Warning? What Warning?
Posted May 16, 2012
Have you ever wondered what it would be like to get swept over a 300-foot waterfall? Imagine you are hiking up the Mist Trail in Yosemite National Park, bound for the top of the 317-foot Vernal Fall. The trail is one of Yosemite’s most popular hikes, enjoyed by a thousand people a day.
Of course, those are the ones who obey the warning signs and metal guard rails. But had you visited last summer (because what I’m describing happened then), you could have observed the three visitors (aged 22, 27 and 21) who were on a day trip to Yosemite with friends and family.
For starters, another member of their group (a man in his 40s) leaned out over the waterfall, holding his young daughter, who was crying and screaming, while a 13- or a 14-year-old took their picture. So it promised to be a fun afternoon all around.
The trio mentioned above climbed over the guard rail (which, according to a park spokesman, took "some effort") and got in the water, about 25 feet from the edge of the waterfall. They played around and took photos.
Witnesses told rangers that several people warned the three to get out of the frigid, fast-moving water. One of the victims slipped and fell. The second futilely tried to rescue that person. They clung to each other as they were swept away. The third, just as futilely, tried to save the other two. A witness said he “looked back just as he was being swept over the edge of the falls.”
I guess you can call it an accident—they were just messing around and having fun. But if you agree with one of the definitions in my handy dictionary (“Law an unforeseen event that occurs without anyone’s fault or negligence”), you’ll also agree that this was hardly an accident. It had been foreseen—according to park records, nine others had fatally plunged over that waterfall. Fault and negligence abounded.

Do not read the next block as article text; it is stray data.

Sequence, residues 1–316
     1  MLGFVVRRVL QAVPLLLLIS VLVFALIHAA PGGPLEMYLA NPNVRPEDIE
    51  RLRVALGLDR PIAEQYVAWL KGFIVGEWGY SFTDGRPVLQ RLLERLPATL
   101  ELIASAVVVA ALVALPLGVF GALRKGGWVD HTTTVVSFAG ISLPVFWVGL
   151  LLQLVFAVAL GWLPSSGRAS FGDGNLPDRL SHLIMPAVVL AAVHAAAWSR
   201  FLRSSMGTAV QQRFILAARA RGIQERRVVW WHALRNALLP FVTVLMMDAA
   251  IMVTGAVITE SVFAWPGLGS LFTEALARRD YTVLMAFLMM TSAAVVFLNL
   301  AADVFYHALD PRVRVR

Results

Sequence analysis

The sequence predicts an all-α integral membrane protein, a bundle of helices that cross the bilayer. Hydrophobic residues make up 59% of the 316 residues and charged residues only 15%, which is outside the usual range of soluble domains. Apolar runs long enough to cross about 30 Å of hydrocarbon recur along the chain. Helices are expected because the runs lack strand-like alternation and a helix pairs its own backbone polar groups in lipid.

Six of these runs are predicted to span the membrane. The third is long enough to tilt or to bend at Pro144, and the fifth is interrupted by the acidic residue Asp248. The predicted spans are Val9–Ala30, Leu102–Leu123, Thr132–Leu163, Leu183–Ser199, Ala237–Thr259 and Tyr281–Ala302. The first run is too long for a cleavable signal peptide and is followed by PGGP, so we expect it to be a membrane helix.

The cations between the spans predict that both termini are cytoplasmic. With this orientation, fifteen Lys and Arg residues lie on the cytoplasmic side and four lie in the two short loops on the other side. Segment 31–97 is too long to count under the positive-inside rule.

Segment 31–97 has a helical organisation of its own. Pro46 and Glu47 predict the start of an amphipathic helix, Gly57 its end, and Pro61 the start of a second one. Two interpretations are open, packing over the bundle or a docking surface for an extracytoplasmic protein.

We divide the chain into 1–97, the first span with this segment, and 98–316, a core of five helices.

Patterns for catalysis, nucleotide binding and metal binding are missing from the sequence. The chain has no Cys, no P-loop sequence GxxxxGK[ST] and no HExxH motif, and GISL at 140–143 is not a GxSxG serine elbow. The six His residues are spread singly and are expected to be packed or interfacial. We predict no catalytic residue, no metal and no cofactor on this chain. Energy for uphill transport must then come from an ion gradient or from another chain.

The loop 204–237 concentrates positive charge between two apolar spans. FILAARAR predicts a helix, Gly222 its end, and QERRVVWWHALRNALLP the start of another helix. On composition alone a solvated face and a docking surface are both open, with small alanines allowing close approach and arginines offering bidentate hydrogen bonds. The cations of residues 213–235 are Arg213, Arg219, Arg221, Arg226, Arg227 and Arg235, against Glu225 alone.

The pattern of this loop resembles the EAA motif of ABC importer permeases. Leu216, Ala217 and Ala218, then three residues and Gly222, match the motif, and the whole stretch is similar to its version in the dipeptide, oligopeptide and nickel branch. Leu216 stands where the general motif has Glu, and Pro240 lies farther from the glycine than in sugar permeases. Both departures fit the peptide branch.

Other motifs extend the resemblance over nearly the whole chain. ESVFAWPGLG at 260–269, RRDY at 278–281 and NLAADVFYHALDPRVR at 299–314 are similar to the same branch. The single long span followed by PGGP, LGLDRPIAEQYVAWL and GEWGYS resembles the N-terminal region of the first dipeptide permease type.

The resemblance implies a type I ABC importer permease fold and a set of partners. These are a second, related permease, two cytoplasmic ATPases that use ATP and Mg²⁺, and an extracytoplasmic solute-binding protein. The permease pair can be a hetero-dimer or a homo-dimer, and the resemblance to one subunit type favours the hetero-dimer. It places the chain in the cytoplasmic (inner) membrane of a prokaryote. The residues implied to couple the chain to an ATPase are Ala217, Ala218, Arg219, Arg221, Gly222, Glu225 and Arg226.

I definitely read my share of cringe-worthy accounts of terrible accidents, but this one stuck in my mind (multiply this by ten for all the people who were there in person). What would it feel like when your feet first slip and the water takes control? How quickly does 25 feet go by? Does the thought of a 300-foot plummet amp up the fear, or does your final minute become just a cold, bright, wet, noisy blur?
Why do people ignore clear, specific rules and guidance? Why do they persist in thinking, “It’s never going to happen to me.” Do they really think warnings are just for the timid and weak?
This past year was one of the worst tornado seasons in American history. Weather alerts—those little bright-red crawlers along the bottom of the television, sometimes accompanied by annoying honks—became inescapable in some parts of the country. Although here in Norfolk we usually have to worry only about hurricanes, a few thunderstorms even threatened us. I remember looking at my wife and asking, “Did the television really just tell us to get into a closet?”
Nevertheless, some people made it worse for themselves. “Even with TVs, radios and the Internet running alerts, some people headed upstairs to get a better view of the coming menace,” a newspaper article said, paraphrasing comments from Mike Smith, author of a book about weather warnings.
Every year when a bad hurricane roars up the coast and most people are either evacuating or bat¬tening down the hatches, some foolhardy souls head out to the oceanfront to look for a hotel room and a hurricane party.
Have you ever wondered what it would be like to get swept out to sea during a hurricane?
Return to main blog page